A facet in the experience of the Métis people, a mixture of French and Indian Canadian, is covered in “Stretching hide” (2007) by Dale Lakevold (?-?) and Darrell Racine (?-?).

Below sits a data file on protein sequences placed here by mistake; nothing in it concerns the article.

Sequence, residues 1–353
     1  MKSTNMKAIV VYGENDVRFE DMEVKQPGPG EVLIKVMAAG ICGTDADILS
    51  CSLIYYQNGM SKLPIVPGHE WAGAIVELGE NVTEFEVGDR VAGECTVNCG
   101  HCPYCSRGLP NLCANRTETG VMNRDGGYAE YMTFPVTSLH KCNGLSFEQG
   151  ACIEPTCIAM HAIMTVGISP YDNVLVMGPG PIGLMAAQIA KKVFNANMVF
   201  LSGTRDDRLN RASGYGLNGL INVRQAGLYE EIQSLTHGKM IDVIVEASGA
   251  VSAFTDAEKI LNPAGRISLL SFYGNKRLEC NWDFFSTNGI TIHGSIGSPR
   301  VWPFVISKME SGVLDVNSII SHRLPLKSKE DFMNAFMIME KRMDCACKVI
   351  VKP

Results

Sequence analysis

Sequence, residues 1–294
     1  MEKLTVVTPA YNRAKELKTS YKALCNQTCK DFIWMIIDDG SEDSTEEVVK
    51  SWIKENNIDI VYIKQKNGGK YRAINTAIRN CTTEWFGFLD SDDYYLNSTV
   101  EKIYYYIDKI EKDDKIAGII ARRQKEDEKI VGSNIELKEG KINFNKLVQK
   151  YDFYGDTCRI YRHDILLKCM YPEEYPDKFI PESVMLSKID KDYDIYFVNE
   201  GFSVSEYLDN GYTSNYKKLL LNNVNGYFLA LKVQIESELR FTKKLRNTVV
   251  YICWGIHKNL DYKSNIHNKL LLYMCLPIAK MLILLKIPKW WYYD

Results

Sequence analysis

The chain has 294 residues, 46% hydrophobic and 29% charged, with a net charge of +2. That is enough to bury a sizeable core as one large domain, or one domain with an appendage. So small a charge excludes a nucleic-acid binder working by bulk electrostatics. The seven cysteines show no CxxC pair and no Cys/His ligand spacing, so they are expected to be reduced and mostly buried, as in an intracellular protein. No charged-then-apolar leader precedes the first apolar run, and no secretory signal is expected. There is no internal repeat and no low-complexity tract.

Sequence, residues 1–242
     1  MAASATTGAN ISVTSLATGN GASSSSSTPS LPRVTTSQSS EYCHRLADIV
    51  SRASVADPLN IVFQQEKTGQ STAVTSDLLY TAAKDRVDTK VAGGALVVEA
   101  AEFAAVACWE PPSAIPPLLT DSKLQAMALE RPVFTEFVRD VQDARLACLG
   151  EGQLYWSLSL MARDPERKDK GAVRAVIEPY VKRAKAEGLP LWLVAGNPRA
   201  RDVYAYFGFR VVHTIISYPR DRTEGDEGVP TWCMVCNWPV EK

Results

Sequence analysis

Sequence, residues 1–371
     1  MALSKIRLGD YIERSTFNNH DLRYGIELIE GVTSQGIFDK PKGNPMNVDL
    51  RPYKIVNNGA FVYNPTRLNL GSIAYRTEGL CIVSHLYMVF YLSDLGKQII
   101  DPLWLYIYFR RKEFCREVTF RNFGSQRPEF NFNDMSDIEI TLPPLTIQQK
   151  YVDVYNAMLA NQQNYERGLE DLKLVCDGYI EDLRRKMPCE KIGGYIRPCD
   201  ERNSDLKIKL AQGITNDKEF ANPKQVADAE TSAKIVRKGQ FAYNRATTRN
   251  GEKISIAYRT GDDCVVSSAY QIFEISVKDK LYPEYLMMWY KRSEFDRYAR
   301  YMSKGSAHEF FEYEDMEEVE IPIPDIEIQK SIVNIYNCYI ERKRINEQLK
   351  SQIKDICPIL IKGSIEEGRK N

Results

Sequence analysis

Time: 2000s. Place: Near Saskatoon, Saskatchewan, Canada.